One of the great things about living in Nebraska is the number of auctions in the area. I’m constantly picking up items that I ‘might’ see a need for in the future. I don’t always know what it will be, but some things I just have to buy. A couple of years ago I bought 3 oak church pews. At the time I had no plans for them, but they were affordable and we had room in the truck!
A year later I designed one to have the last supper carved (or sandblasted) on the back. I started it, but moved onto more pressing projects. I wanted to pick that project back up so this month I began work on another bench. I haven’t carved any wood in 25 years so I thought that I would do something with less detail. Keeping with the biblical theme I chose to do a crucifixion scene.
Another great thing about Nebraska is our long winters! I decided to start carving in the new year to while away the cold days. I started with a sketch and then transferred it to the back of the pew after taking it apart to make it easier to handle.
On the left is the town of Jerusalem where Christ’s trial was. I have a path leading out of town and to Golgotha where Christ and two others were crucified. I included 3 mourners in the scene as well. On the right side is the empty tomb where Christ will be placed.
I plan to hand carve most of the scene using palm chisels and gouges then cut away the background so that I can add back-lit stain glass behind the wood. I began on what I thought would be the simplest area to carve, the tomb area.
The next area to carve was the town of Jerusalem. This area had the buildings and a lot of foliage. I used a Dremel tool only to get some of the detail on the shrubs and reach tight places.
Now it was time to work on the central part of the design. I took the wood to my workshop and cut away a lot of the background, but left some wood around the crosses for support while I carved. This area had the most detail and I’m really glad that I refreshed my carving skills with sides first.
It’s starting to come together and I’m having fun with the detail now! Now to move back to the tomb area and add more detail:
This was a daunting task to translate the 2D image into 3D using a 3/4″ depth. and I found that getting the flow of the robes a bit of a challenge when if came to figuring how deep each fold went and what plane everything should be on. I am also dealing with some cracks and the tongue and groove wood used to make the pew, they weren’t glued together.
Still I’m very happy with where I am at this point and will carry on with the rest of figures and add a little more detail and finishing touches as I move across the bottom of the scene.
Below are the 3 mourners roughed in and ready for sanding and some more detail:
You can also see the difference in the wood on the bottom where a darker piece was used. Now with the mourning figures carved it’s time to start the two criminals being crucified before starting Jesus. Here I have them roughed in, there is still a lot of detail to add:
Here is a detail of one of the criminals:
One of the challenges of carving is that once you have removed the material, it is gone. Gone, Gone, Gone! And if you didn’t plan ahead for things like foreshortening, you are Hooped! Hooped, Hooped, Hooped! …and your design has to change… like fingers get smaller or at an awkward angle. The faces are about an inch long from the top of the head to the chin. There isn’t a lot of room adjustment.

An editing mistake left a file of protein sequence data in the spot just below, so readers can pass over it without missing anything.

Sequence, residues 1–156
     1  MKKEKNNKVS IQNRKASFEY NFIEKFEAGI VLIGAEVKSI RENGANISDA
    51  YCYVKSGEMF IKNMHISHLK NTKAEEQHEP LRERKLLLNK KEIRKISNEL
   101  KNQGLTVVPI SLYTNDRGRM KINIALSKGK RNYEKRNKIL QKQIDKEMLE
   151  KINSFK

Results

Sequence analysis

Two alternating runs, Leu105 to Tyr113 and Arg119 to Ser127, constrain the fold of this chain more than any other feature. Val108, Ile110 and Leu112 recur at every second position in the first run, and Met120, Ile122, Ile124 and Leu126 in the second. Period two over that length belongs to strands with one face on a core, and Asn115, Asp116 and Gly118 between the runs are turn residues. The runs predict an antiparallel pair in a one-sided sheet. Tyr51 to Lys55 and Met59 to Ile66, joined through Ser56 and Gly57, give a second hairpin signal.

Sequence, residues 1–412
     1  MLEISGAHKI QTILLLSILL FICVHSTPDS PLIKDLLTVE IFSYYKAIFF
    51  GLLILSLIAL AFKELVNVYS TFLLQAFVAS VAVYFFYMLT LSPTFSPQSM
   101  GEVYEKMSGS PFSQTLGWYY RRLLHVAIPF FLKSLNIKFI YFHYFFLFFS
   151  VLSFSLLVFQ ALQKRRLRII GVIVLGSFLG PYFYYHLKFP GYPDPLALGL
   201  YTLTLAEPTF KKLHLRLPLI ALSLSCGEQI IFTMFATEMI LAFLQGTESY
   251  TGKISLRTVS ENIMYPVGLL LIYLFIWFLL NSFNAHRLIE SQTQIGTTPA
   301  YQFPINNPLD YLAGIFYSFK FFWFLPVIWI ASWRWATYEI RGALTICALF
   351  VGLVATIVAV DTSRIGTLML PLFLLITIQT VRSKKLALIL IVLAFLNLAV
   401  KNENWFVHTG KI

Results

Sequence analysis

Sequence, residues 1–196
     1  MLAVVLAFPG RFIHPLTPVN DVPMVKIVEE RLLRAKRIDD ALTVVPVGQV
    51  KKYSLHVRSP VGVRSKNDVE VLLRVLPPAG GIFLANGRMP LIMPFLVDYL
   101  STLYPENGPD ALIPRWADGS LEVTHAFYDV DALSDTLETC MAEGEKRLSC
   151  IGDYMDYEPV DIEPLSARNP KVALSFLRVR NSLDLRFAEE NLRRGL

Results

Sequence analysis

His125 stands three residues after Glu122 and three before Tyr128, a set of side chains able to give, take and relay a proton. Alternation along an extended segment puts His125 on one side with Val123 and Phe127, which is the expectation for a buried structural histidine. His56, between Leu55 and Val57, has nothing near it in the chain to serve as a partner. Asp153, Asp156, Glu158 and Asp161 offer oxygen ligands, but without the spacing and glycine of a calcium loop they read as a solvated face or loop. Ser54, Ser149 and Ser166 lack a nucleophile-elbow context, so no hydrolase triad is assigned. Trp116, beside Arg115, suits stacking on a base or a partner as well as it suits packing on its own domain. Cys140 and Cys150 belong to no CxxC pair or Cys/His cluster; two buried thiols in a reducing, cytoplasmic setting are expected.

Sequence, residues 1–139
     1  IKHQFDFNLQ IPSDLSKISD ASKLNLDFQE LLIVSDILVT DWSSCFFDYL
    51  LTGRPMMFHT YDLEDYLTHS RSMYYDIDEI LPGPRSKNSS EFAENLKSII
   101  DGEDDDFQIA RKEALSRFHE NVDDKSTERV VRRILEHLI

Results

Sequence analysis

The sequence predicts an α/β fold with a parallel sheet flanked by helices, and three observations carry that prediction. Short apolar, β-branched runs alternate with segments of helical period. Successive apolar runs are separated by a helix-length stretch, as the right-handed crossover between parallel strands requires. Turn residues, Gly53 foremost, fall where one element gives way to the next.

ALSO, this project has reminded me that a good carving tool should be sharp. A sharp tool that slides through oak, will easily slide through flesh as well. Never cut towards you and always keep your other hand out of the path of the blade!!! (and to keep bandages close in-case you forget that golden rule) Blood stains raw oak…
Thanks for watching my progress, I will have more photos posted soon.
New photos today! Feb 28, 2013 The carving is coming along nicely and almost done!
YAY! More progress on the glass. I should have this done very soon. 😀
A sneak preview and placement check of the almost finished glass-
After I finished the stain glass, I sanded the rest of the pieces and put the pew back together. It is now ready for staining and sealing. I used a water based stain (3 coats) and Minwax Antique Oil (another 3 coats) Sanded and buffed between coats.
There was a hole where another bench would attach to this one, so I needed to cover it. I have been tumbling glass in my cement mixer to use in a concrete project so I took Super Clear Plastic Resin and mixed it together to fill the space. I embedded my signature made of thin copper wire. Getting the correct mix of resin and hardener was a bit of a challenge!
I painted the inside with a White gloss paint to reflect the light more. I had planned to put flickering bulbs near the windows but the flicker was getting lost even with the partitions installed, so I went back to clear warm light bulbs. the florescent bulbs are cool white as to not effect the overall color of the blue glass… I didn’t want the glass to look green. I also added a recessed latch so that it would be flush.
To protect the bench and to keep people (kids) from getting too close, I made stanchions of left over oak wood from the light box and a granite table top that I had in the wet room. I cut that in half and polished the edges. I added the granite because I needed the weight to keep them from falling over from the weight of the blue velvet rope that I ordered.
Well, another project completed!
I have about 700 hours, probably more than that, into this project over the past 3 and a half months. I have learned a lot about a lot of different mediums and look forward to the next project, though I’m thinking that it will not be wood or stain glass and definitely not cast resin! More than likely, it will be an 8’x10′ mural that I need to have finished in May.
Thanks for following along and follow the link to CarvedChurchPews.com for the final photos